The Death of a Soldier and the Rise of the Politics of Hatred

The killing of Fusilier Lee Rigby in May brought out the dark underbelly of the British psyche. The murder of the serving soldier by a UK-born adherent of extremist Islamism revealed inherent deep-seated prejudices running through the fabric of the UK. It re-invigorated a dying far right street movement – The English Defence League – who were able to put a reported 1,000+ supporters onto the streets of Newcastle.

The English Defence League is a pressure group which purports to peacefully protest against the ‘Islamification’ of the United Kingdom. In reality its supporters range from disenfranchised members of the white working class through to seasoned dedicated racists – Nationalists who are veterans of groups such as the National Front and British National Party – and it holds the entire Islamic community responsible for the actions of an extreme, ultra-conservative minority.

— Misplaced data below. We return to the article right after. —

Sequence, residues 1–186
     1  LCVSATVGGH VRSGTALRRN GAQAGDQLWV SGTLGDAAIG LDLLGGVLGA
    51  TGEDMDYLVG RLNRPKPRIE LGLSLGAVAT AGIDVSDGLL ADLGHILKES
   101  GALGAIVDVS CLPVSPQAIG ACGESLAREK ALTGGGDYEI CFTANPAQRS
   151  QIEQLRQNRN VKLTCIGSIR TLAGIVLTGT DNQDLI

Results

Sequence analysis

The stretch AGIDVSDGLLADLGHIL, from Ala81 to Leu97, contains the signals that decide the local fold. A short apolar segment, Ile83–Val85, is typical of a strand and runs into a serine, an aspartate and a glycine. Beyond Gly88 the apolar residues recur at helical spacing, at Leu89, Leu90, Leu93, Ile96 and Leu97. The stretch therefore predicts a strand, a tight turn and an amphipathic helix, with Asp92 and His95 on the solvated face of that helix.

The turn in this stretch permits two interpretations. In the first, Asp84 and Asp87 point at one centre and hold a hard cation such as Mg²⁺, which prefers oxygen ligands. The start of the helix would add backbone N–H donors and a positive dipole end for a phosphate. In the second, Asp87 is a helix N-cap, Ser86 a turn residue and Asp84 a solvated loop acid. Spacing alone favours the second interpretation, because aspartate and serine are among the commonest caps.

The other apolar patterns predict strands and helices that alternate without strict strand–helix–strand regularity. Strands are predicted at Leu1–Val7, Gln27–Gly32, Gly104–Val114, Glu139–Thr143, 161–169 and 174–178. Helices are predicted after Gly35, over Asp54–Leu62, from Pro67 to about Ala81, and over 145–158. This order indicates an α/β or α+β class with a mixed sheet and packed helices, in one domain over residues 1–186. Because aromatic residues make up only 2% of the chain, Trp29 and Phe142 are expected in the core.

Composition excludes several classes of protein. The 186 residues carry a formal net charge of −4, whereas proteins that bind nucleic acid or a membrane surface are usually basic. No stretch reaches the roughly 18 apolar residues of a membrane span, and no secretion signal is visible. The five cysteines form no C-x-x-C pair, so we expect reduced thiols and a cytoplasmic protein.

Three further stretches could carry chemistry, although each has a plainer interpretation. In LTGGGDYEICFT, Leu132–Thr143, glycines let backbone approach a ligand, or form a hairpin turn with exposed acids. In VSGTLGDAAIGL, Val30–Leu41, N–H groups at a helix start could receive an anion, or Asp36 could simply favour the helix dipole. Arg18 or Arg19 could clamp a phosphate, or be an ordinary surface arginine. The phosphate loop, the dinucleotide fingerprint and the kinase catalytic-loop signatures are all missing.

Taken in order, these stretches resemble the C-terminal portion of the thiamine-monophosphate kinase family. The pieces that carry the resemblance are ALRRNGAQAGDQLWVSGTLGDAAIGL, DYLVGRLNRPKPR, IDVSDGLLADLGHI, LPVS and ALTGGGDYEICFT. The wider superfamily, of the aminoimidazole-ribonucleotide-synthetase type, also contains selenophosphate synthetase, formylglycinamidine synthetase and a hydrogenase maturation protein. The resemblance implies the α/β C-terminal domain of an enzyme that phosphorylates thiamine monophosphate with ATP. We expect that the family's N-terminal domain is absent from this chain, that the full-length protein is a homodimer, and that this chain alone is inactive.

Nationalist politics ultimately seeks purity of ethnicity within a nation and in its more extreme forms rejects democratic discourse and leads to the extermination of people based on their race, sexuality or political views. Nationalist groups in the UK have traditionally supported policies such as apartheid in South Africa and opposed workers’ movements such as trades unionism. They offer nothing positive to the working class and actively work against the working class’s attempts at self emancipation.

Equally, extreme Islamism seeks the formation of societies based on ultra socially conservative values. In its worst forms it rejects democratic discourse and aims to impose a strict interpretation of Islam which includes oppression of women, homosexuals and non believers. Many Islamic scholars utterly reject this interpretation of Islam and are opposed to a marriage of their religion with politics. Indeed, the murder of Lee Rigby was an expression of political impotence by an extreme Islamist, frustrated that the majority of Muslims have rejected Radical Islamist ideals and attempting to attract support by appealing to anti-war sentiments among Muslims.

Nationalism and Radical Islamism are two sides of the same coin. We urge the working class to reject both of these ideologies and stand united against both the Nationalist and Islamist threats.

 

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